Installation Tips and Techniques

Remove stock seat cover.

As our listings state, we make replacement seat covers. Therefore you must remove your old seat cover first. Our seat covers will NOT install over your old seat cover.

To remove your stock seat cover, you will need to pry up all the staples and pull them out with pliers.

If your seat is riveted on, you will need to drill out the old rivets.

If your seat is glued to the base, you may need to use a hair dryer or fabric steamer to loosen up the glue.

Most motorycle and snowmobile seat covers will have straps that go through the foam to aid in pulling the seat cover tight to the foam. Most are stapled on, but there are models that are tied in, or have a buckle that goes through a slot.

Once you have removed your old seat cover, you must make sure the foam is dry, and all damage holes filled in with spare foam. Use marine grade silicone to fill in the gaps and smooth over with a putty knife, similar to applying drywall mud.

Installation:

Each seat cover is going to vary on the method of installation. In most cases it is basically remove your stock seat cover,  and follow the above diagram.  Materials vary on how they install.

We typically use multi axis stretch marine grade vinyl that is far more expensive than what the OEM put on your stock seat.  The Ostrich material and Python material are only a 2 axis stretch material and do require a bit more work to install for a smooth finish.

Some seat covers may require a hair dryer or fabric steamer to get the wrinkles out. Steamer works best as it helps reshape the foam and the seat cover material together. Many factories, seat covers are installed in a steam room. Just do not put the steamer face directly on the vinyl or it can blanch it. 2-3" away is usually sufficient. Wipe down any moisture ASAP so that calcification in the water does not bond in the pores of the material.

You may find areas where you just cant get the fit right. Dont panic. Try steam or heat.  Many Harley seat covers do NOT require a lot of pulling for them to fit. Sometimes its just "punching the foam" into place a bit. If you have ever watched any of those custom car building shows you will see how the upholsterer will shape the foam and skin together with steam or by hand. Unlike factory replacement parts that are done by CAD machines down to 10ths of an inch in tolerance, upholstery doesn't work that way. There is a lot more tolerance in hand made seat covers than there is in your crank rod bearings. 

There are times you may need to glue the seat cover down to make it work. While we do our best to make sure our seat covers install in the best possible fashion, sometimes there is just no way around it. That is  usually due to how the foam was molded from the factory.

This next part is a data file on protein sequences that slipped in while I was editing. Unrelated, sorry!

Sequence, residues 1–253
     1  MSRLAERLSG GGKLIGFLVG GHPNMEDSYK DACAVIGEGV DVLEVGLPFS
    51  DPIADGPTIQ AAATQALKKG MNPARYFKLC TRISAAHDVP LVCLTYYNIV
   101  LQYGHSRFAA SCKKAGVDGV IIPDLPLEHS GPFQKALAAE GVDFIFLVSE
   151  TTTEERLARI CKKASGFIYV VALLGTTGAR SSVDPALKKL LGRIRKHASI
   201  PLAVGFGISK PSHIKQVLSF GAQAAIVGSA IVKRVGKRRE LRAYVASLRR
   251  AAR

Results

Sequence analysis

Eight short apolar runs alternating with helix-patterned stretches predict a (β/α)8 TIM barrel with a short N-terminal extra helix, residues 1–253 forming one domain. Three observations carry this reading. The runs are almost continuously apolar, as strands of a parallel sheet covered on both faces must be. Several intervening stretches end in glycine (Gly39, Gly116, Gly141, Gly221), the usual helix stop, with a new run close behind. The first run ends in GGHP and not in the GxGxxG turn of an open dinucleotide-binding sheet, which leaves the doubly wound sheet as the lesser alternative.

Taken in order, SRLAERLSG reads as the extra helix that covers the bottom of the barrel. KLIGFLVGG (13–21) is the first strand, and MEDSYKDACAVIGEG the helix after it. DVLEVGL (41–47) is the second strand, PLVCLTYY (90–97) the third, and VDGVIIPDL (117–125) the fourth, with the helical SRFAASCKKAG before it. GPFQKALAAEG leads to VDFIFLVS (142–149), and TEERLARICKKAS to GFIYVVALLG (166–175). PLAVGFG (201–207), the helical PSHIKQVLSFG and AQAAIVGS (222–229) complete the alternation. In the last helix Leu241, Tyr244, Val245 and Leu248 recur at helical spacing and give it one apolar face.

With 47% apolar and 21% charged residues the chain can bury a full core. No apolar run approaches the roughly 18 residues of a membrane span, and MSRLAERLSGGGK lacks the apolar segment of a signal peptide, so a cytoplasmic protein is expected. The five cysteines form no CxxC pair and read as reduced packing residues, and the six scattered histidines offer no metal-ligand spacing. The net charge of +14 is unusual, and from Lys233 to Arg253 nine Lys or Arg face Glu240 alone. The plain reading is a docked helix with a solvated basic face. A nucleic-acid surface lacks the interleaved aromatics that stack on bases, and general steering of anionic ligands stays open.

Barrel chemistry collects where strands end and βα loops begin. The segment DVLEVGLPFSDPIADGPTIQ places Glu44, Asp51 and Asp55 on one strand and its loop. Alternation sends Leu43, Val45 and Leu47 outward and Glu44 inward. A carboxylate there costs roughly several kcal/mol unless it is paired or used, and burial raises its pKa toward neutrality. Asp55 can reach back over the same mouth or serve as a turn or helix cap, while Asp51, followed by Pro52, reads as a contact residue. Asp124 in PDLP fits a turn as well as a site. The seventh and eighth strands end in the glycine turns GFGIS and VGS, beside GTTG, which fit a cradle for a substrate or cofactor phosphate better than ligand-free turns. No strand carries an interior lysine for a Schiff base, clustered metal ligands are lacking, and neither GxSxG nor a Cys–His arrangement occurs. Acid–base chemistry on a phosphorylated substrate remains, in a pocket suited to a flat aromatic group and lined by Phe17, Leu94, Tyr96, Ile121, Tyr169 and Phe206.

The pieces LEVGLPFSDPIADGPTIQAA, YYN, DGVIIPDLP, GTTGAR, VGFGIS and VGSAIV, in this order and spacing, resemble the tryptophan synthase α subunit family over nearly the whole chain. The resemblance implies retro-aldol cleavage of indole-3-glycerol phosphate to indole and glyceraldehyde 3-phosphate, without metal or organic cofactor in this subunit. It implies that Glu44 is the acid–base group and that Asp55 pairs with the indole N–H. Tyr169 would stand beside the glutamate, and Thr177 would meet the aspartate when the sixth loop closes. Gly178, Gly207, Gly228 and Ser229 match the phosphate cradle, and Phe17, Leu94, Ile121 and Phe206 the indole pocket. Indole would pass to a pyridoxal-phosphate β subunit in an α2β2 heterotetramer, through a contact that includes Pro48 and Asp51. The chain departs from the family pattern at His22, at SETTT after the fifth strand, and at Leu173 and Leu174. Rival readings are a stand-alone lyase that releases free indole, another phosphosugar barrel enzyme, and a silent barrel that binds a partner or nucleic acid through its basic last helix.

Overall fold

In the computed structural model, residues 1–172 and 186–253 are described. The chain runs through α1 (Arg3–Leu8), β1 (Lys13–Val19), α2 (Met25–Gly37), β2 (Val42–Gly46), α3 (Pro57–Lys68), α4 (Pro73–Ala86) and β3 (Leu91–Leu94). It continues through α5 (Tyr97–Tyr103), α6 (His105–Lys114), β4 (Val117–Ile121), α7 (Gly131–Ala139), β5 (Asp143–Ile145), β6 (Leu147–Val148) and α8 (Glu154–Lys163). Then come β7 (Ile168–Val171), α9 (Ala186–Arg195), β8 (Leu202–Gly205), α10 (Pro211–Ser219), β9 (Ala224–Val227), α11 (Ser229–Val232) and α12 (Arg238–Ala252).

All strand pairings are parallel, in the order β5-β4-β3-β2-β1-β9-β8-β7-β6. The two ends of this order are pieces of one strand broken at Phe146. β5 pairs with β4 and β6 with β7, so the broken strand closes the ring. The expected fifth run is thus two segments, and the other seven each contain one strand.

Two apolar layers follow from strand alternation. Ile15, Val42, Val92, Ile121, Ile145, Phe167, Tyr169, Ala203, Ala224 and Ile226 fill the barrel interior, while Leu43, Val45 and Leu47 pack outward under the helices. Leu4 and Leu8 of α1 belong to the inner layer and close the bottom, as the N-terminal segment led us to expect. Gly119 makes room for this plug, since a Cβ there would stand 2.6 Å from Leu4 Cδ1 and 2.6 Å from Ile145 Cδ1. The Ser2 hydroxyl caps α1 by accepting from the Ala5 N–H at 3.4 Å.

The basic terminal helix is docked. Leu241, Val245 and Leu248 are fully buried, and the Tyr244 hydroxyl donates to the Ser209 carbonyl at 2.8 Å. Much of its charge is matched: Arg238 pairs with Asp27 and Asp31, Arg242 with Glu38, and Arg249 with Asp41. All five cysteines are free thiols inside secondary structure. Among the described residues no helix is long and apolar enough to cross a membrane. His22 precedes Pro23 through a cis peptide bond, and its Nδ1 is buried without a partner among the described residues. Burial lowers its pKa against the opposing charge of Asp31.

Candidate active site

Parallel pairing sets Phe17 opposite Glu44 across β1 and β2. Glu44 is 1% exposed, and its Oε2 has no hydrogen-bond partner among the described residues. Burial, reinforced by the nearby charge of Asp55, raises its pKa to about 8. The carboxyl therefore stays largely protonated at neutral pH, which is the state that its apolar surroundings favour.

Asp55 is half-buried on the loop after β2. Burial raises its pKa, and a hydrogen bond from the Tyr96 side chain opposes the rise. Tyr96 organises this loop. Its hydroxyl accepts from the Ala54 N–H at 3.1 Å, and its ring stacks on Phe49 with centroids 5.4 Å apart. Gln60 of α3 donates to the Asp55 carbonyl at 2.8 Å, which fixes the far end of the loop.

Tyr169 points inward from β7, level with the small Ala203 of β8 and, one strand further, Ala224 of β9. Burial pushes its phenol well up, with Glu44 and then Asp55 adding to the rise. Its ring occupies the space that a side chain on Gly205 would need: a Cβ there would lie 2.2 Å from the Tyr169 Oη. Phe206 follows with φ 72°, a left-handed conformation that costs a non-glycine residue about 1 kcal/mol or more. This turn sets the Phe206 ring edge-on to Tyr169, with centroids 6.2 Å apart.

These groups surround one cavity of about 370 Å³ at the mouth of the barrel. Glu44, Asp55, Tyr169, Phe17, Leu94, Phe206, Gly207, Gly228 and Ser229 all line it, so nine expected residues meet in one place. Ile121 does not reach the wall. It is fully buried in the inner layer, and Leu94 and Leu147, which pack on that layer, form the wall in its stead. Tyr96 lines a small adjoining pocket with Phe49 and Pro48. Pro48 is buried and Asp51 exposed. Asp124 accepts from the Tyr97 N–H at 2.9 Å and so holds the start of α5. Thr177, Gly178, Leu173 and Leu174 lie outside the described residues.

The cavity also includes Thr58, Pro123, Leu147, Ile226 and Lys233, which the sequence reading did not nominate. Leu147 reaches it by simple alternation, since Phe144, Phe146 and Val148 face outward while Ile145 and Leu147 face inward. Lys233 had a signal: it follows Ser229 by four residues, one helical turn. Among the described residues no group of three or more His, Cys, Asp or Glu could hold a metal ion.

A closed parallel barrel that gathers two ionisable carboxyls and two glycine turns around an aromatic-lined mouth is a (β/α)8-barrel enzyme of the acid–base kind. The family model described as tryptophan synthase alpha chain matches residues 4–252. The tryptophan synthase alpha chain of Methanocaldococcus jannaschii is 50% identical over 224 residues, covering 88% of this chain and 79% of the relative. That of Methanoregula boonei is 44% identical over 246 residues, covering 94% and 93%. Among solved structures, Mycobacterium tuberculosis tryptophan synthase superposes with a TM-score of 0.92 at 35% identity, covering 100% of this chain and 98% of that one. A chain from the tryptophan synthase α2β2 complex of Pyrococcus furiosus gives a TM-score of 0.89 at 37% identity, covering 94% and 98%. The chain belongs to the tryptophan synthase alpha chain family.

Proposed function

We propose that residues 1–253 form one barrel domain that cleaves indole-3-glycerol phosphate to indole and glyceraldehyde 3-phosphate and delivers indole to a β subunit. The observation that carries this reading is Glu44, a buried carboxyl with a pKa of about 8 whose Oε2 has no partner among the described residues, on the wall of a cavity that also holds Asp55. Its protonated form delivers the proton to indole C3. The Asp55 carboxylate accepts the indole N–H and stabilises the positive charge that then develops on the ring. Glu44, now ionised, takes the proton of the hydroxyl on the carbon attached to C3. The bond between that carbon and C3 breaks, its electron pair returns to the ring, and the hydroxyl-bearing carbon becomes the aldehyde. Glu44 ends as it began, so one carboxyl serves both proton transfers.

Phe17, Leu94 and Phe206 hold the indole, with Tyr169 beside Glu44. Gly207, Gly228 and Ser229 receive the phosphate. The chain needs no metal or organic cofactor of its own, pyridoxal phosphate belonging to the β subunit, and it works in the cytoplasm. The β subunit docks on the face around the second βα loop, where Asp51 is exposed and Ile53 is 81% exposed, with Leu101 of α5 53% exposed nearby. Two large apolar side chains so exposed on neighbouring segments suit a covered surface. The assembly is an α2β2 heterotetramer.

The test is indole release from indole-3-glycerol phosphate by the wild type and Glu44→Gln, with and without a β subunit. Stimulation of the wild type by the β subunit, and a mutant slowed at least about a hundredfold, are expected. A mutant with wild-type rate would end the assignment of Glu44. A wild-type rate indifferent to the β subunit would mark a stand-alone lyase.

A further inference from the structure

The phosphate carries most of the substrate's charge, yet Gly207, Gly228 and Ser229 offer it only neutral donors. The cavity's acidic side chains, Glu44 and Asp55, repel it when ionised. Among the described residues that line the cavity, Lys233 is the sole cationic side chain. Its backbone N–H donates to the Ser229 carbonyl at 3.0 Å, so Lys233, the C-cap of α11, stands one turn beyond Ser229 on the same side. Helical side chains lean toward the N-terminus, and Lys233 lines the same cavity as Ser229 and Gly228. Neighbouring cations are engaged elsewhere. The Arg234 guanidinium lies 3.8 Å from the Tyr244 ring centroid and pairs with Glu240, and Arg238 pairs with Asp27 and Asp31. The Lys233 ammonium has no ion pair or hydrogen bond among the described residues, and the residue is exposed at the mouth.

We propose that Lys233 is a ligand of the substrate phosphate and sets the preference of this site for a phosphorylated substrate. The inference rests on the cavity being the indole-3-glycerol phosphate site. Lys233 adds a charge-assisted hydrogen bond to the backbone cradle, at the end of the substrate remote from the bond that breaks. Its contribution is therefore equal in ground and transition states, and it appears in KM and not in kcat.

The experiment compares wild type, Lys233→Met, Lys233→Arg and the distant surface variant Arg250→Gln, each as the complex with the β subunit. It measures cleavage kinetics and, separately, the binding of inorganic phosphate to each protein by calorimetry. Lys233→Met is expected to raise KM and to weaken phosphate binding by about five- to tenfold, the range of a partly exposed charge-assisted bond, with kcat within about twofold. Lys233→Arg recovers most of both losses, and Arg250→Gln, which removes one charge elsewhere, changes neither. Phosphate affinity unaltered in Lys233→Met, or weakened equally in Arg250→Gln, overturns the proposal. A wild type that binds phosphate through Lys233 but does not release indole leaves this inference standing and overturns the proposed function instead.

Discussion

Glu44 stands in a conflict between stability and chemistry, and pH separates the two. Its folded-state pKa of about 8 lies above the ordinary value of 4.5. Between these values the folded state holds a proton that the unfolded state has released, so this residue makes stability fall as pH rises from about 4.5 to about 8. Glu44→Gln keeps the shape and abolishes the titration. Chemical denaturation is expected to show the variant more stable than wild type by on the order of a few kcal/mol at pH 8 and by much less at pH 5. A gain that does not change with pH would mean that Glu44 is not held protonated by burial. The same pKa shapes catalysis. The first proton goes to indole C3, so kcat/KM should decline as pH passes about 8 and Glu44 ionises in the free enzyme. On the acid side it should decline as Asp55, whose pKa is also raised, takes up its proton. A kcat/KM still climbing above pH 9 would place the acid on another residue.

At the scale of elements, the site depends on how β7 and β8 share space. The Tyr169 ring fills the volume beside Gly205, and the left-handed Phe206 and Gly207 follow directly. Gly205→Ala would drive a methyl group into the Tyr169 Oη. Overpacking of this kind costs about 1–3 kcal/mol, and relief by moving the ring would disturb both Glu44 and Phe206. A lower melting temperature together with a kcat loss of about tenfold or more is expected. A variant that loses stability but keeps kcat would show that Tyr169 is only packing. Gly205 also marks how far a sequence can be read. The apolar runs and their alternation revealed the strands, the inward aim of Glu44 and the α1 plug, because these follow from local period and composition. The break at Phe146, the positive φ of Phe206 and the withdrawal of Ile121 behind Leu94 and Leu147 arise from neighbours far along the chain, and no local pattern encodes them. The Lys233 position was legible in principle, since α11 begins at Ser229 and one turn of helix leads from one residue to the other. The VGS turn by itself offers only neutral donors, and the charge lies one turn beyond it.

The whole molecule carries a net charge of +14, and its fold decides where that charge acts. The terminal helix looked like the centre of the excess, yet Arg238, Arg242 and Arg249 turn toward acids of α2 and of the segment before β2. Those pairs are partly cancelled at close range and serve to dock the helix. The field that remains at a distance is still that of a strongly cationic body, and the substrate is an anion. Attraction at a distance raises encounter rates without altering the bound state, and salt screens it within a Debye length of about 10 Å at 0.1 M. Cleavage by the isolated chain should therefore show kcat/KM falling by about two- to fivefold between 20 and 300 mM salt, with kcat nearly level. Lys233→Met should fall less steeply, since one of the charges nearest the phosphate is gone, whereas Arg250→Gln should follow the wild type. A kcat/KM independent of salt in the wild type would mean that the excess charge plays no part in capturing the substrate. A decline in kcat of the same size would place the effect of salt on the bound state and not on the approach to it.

We do not issue installation hardware. On some seats, like Arctic Cat, they have a metal rod in the lumbar seam and a U shaped metal rod that holds the lumbar straps through the foam. You must reuse those rods. If yours are rusted a coat hanger or zip ties work for the straps. For the rod in the lumbar seam, "call before you dig" flags are the perfect diameter metal and have the same malleability as the stock lumbar rods.

Older Harley seats(button top/pillow top) had strings with metal T's on the end. We do not supply those. If yours are rotted out or missing,  plastic zip ties work great. Just loop them through the tabs in the new seat cover, pull through the slots in base, and staple them down.

"Hard pan" metal based seats are usually glued or riveted on. You will need to put new rivets in. Just make sure when you drilled the old ones out, that you pulled the rivets out completely or they will work their way through your seat foam over time.

Foam is usually poured into a mold at the factory. The foam dimensions can vary depending on the chemical mixture and humidity. Hence why most seat covers at factory are installed in steam rooms to shape the two together. If your seat cover is not fitting perfectly, understand it is not that we did our job wrong, but that tolerances are in play that may excede your expertise to properly install. You may require the assistance of a professional shop to install or send it in for us to do the finished product.

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Tools:

You will need the following tools to remove your old seat cover and install your new replacement seat cover from Scotty's Sled Shed.

Upholstery staple puller or flat blade screwdriver.

Staple gun: T50 works fine with no longer than 1/2" long staples. Some seats may require 5/16" or 1/4" long.  Duofast makes nice 3/8 and 1/2" wide crown staple guns available at most home improvement stores. Use chisel tooth stainless or galvanized staples.

Needle nose pliers, small wire cutters or pliers to remove staples.

Additional items may be required:

3M 90 Adhesive spray

pieces of foam to fill in bad areas

marine grade silicone

putty knife.

Razor knife.

Rivets and Rivet gun.